This gives the user a prompt, asking them for their name, which the program reads, once it has been entered. There is one problem with this section of code though. Printing may be delayed because output is actually a give and take between program and operating system. So what may happen if the operating system buffer isn’t full then it may wait until it is to print this out on the screen. But, now the program is waiting for a String to be input into the computer, and the user doesn't see a prompt to tell them that they need to enter input. So now computer is waiting for user and user is waiting for computer; this creates a dilemma, because the computer is now hung.

There is a way to fix this. In situations like this you have to tell the computer to flush its buffer before the program reads the line. In order to do this you use the System.out.flush() command. The correct code is below.

```  InputStreamReader isr = new InputStreamReader(System.in);
System.out.print("What's your name? ");
System.out.flush();
String s = br.readLine();
```

There is one last important thing to remember when using Java IO, that is the location in you're program that you add it. You're goal as a programmer is to create good code that is easy to reuse, and will require little maintenance if you ever need to update it. Unfortunately, many applications of Java use many different types of IO. Since, you want your Java classes to be able to be used across many different applications it is important to keep the IO in the user interface, thus when you get to a new application only the user interface changes, not the entire class. There can be occasional exceptions for when the IO information needs to be inside a particular method, but for the most part points will be deducted for putting the IO information in the wrong method.

One More Example

This example reads in someones name, then prints says hello. First put "import java.io.*" at the top of the file, as the very first line.

```  import java.io.*;
public static void main(....) throws Exception {

System.out.print("What is your name?");
System.out.flush();
String name = br.readLine();

System.out.println("Hello, "+ name)
}
```

Java Primitive Data Types and Wrapper Classes

Now that you are able to read Strings into you're program you'll want to be able to convert them to useful things, like ints and floats, that you used in the textbook class. First, lets review the six primitive data classes:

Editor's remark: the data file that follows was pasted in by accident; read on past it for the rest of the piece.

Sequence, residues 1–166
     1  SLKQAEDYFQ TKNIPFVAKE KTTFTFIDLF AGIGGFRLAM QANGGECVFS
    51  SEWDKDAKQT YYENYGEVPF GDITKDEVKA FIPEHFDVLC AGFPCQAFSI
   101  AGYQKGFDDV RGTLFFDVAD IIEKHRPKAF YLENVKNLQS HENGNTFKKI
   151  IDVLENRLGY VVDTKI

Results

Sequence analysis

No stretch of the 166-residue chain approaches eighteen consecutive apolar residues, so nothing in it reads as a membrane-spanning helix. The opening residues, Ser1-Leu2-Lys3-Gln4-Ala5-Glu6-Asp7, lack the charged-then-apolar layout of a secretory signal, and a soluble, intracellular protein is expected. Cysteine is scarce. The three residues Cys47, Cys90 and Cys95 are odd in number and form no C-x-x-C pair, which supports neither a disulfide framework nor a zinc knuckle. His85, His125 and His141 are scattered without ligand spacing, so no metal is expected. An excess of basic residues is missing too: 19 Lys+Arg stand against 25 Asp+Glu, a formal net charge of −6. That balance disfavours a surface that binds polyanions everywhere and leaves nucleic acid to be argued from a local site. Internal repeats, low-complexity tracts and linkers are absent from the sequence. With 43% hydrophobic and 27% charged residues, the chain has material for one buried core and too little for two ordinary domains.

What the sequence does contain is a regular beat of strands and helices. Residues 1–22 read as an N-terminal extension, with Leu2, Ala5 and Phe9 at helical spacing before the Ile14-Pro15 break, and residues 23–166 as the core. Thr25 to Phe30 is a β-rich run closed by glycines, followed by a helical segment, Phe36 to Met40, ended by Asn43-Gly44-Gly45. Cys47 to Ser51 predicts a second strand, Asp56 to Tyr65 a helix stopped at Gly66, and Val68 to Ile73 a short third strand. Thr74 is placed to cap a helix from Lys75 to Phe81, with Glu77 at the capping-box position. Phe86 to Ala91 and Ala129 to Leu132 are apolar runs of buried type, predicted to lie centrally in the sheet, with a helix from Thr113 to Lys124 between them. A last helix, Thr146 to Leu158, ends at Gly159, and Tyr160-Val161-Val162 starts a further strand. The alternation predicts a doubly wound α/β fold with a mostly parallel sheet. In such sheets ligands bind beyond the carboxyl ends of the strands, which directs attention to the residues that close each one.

• int
• float
• char
• double
• long
• boolean

Each of these primitive data types has a class called a "wrapper" class. By Java convention the name of each of their wrapper classes is just the full name of the data type with the first letter capitalized. We'll talk more a bit later about why these classes are called "wrapper" classes. The six wrapper classes are listed below.

• Integer
• Float
• Character
• Double
• Long
• Boolean

Let's consider the Integer class. It contains a static method, "parseInt" that functions as below:

```  String numberString = "1234";
int number;

number = Integer.parseInt (numberString);
```

As you can see, this method can convert the String representation of an int into a genuine int. The other wrapper classes have similar methods:

• Float.parseFloat(String);
• Double.parseDouble(String);
• Long.parseLong(String);

So, what happens if you pass in a String that can't be converted? For example, "Float.parseFloat("abcd")" or "Integer.parseInt ("123.456")". This is obviously an error. The conversion can't be completed. When this is encountered, Java "throws an Exception". This means that it kicks the program into a special error-handling mode.

We'll talk more about how to make use of that mode later. But, for now, let's just observe that any method using these methods, and any method using those methods, and so on, should add the "throws Exception" clause to its declaration:

```  public static void main (String[] args) throws Exception { ...}
```

This clause just admits that an exception can be thrown, causing the program to end.